First off, I’m not a big fan of summer. This is because I am an adult, and adulting means summer is exactly the same as winter, only everybody smells bad and everything is covered in sweat. Seriously, if given the choice between August heat or February cold, give me the arctic tundra. I’d rather use a Tauntaun’s intestines for a pillow and blanket before experiencing humidity that feels like a wet lasagna noodle slapping me in the face. What? Oh, right, this is a film piece.

Summer movies get all the hype, but the best of the best usually poke their nose into theaters in the later months. The last third of 2015 is chock full of films from some of my favorite writers and directors and some small independent film I’m hearing great buzz about called “The Star Warses” I believe. Without further ado, let’s get fired up! (Imagine “tunnel walk” music being played at high volume like at a Huskers football game. Unless you don’t sports. Then imagine John Williams music.)

Maze Runner: The Scorch Trials

September 18

I don’t know how much more gas this YA-adaptation Vespa has left in the tank. We’ve endured the Twilight, are wrapping up The Hunger Games (more on that later) and have appropriately pretended Divergent didn’t exist. That said, this is one I have on my radar. The first Maze Runner was a taut little thriller. A little bit “Lord of the Flies” mixed with a little bit of dystopian shenanigans, it felt small-scale but interesting. Then the ending dropped the curtain and a much, much bigger, much, much more interesting world lay behind it. Color me intrigued by this one. That’s not to say it will deliver for sure, but it does have “Littlefinger” from HBO’s “Game of Thrones.” So at the very least, there’s probably whores in it.

The Keeping Room

September 25 (Limited)

I have professed my love for the breathtakingly talented and stunning Brit Marling in every way except interpretive dance, and I’m almost done preparing that performance. Combining her with Hailee Steinfeld in a feminist-tinted Western is an idea so close to my heart my lungs had to make room. The duo play sisters who must defend their home from Civil War soldiers who have gone AWOL. With cinematography that looks ripped from Ain’t Them Bodies Saints (one of the overlooked masterpieces I examined last month), this is a September surprise I can’t wait to open.

The Martian

October 2

I didn’t read the book upon which this is based because no matter how exciting people told me it was, I thought it sounded boring as hell. “Dude stranded alone on Mars” or “Castaway in space” wasn’t a selling point for me so much as a warning. That said, Ridley Scott directing sci-fi is always shiny news for me, and Matt Damon remains one of this generation’s best actors. Considering how Gravity was one of the more intense, thrilling films in recent memory, there’s no reason to believe The Martian can’t achieve the same.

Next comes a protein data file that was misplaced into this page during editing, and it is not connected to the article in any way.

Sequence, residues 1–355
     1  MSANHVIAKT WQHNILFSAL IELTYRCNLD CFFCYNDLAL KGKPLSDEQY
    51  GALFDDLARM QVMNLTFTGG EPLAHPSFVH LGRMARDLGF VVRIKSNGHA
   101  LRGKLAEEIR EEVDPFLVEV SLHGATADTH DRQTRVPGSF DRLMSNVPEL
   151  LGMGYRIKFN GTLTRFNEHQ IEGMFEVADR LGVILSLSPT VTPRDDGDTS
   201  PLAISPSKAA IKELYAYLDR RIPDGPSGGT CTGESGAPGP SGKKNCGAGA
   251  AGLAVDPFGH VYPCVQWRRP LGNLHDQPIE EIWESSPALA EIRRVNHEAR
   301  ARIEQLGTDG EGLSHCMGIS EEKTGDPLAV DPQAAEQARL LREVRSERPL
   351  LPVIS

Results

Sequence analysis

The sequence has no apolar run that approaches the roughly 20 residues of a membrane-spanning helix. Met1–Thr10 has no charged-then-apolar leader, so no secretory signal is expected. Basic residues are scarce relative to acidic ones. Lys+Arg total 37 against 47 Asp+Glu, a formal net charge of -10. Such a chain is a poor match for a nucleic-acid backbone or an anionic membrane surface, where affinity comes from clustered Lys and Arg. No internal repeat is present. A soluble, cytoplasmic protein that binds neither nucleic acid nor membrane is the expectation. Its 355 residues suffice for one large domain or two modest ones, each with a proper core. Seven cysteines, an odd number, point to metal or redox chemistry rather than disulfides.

Steve Jobs

October 9

I’m not a big “Apple guy.” So sue me, I tend to frown upon companies whose product relies on suspect labor and whose brand loyalty doesn’t just feel cultish, it is cultish. For real. I left the iPhone and Apple wouldn’t let me text my friends anymore. And yet, I will see anything Aaron Sorkin writes and almost anything Danny Boyle directs. That combination of talent plus Michael Fassbender in the lead role means this is must-see material. Although, I am terrified Apple will take this as an opportunity to abduct me from the audience and turn me into a Cyberman.

Beasts of No Nation

October 16 (Limited)

I’m the person who really liked “True Detective: Season Two.” It pains me that I’m the only human who correctly praised what millions bashed, but so be it. If you liked the first season, as most folks did, it was at least partly because of director Cary Fukunaga. This is his first film since then, and he’s swinging for the fences. The first major motion picture to feature Netflix as its distributor, this is an intense drama about a child soldier fighting in an unnamed African country’s civil war. So you can just toss it on after you’re done binge watching Unbreakable Kimmy Schmidt. The intrigue surrounding this one is whether the odd pairing with Netflix will in any way affect this one’s Oscar chances. Oh, and it has Idris Elba, which I’m legally required to mention because people who love Idris Elba really love Idris Elba.